U.S. Supreme Court Won’t Hear Libertarian-Green Case over Discriminatory Voter Registration Forms

On January 11, the U.S. Supreme Court refused to hear Arizona Libertarian Party v Bennett, 15-598. The lower courts had upheld the Arizona law that says only the names of the two largest parties should be printed on voter registration forms. If a voter wants to register any other way, the voter must write in the name of that party, even if it is ballot-qualified and has its own primary. UPDATE: see this story.


Comments

U.S. Supreme Court Won’t Hear Libertarian-Green Case over Discriminatory Voter Registration Forms — 9 Comments

  1. The SCOTUS hacks do not want any REAL competition for the D/R oligarchs.

    P.R. and nonpartisan App.V.

  2. More evidence that the SCOTUS is most certainly not non-partisan. Maybe the Arizona Green and Libertarian Parties should consider holding a non-violent protest outside of the state legislature to try to attract some media attention and thus have some uncomfortable questions directed at the state government about whether they’ve subverted democracy for partisan gain. It would be better than doing nothing at least.

  3. Heck, we ought to apply that nationally at the CPD debates if the two lawsuits fail. They’ll have trouble disappearing hundreds/thousands of people the same way they did Jill Stein for a few hours in 2012.

  4. Bob, yes, it is now a 9th circuit precedent. But a new case on the same subject might be able to overcome that precedent, by bringing in evidence that was not brought in for the case that just ended. I imagine the plaintiffs would need to find individuals who would testify that they wanted to register Green or Libertarian, but when they filled out the form they didn’t do that because they didn’t realize it is an option. Or the plaintiffs could bring in evidence from California, on the huge change brought about in California when registration forms listing the qualified parties came into existence in 1976. Before 1976 the only way to register was to find a deputy registrar of voters, and the deputy could not advise the applicant about party choice, and the old form didn’t mention the names of the qualified parties. Peace & Freedom Party registration was down to only 12,000 after the November 1974 election. But four years after the new postcard registration form was out, PFP was at 31,407 registered members. Evidence like that would probably win the case.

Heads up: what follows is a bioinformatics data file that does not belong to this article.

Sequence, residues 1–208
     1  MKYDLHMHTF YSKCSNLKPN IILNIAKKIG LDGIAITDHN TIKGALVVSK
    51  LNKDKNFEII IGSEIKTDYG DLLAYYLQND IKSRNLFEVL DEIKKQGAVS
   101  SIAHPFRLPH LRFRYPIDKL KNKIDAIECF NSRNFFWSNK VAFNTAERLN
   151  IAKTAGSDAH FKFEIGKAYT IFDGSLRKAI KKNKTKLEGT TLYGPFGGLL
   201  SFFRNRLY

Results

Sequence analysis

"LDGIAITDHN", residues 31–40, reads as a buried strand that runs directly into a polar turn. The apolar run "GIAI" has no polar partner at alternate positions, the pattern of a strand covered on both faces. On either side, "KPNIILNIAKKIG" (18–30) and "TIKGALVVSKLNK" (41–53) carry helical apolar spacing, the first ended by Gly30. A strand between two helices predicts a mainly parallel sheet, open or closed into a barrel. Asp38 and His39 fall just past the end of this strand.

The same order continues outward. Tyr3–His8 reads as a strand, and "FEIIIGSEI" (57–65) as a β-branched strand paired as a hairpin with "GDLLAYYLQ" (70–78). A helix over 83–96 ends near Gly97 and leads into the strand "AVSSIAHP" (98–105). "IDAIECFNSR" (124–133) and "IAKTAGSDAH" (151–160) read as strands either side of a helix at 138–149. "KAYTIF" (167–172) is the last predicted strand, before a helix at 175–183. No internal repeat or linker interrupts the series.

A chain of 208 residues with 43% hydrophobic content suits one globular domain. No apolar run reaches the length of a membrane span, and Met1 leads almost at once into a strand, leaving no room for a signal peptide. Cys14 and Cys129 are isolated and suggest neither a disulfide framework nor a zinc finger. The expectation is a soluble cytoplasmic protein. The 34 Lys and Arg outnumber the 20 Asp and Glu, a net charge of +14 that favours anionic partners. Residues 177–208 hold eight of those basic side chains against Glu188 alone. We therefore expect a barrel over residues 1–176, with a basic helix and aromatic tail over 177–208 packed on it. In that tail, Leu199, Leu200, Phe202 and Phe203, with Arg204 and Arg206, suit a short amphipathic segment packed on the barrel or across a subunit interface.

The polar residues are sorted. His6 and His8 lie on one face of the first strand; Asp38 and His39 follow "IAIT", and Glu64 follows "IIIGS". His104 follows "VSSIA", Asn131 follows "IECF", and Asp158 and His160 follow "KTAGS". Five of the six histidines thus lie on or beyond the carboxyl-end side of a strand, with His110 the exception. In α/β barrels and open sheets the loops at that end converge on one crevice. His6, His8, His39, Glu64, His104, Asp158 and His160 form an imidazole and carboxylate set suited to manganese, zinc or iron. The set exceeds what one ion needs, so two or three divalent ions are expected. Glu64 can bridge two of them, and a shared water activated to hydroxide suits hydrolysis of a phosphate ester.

5. Impeach and replace the SCOTUS too! Then try them for treason. They certainly don’t serve the people of America. They clearly have no respect or understanding of our history, culture and Constitution. Just more shameless Globalist shills…

  6. “… a new case on the same subject might be able to overcome that precedent …” Emphasis on the word “might”. I don’t believe that court decisions like are influenced much by evidence or lack of evidence. In fact, I’m not sure that this one even should be influenced by evidence. To me, the constitutional question is purely conceptual. Suppose Arizona had printed registration forms with only one party name plus a blank space for all the other parties. Would the courts find that acceptable? I didn’t think so. Then why is it acceptable to list only two parties — or any other number less than the number of ballot qualified parties? No amount of evidence can settle the question when posed in this way.

  7. If someone brought a successful challenge to a similar regulation in another circuit, then the U.S. Supreme Court would almost definitely hear the case. But I assume no other state has the same law since the stupidest people in the United States live in Arizona. (The stupidest people in Arizona live in Apache Junction.)

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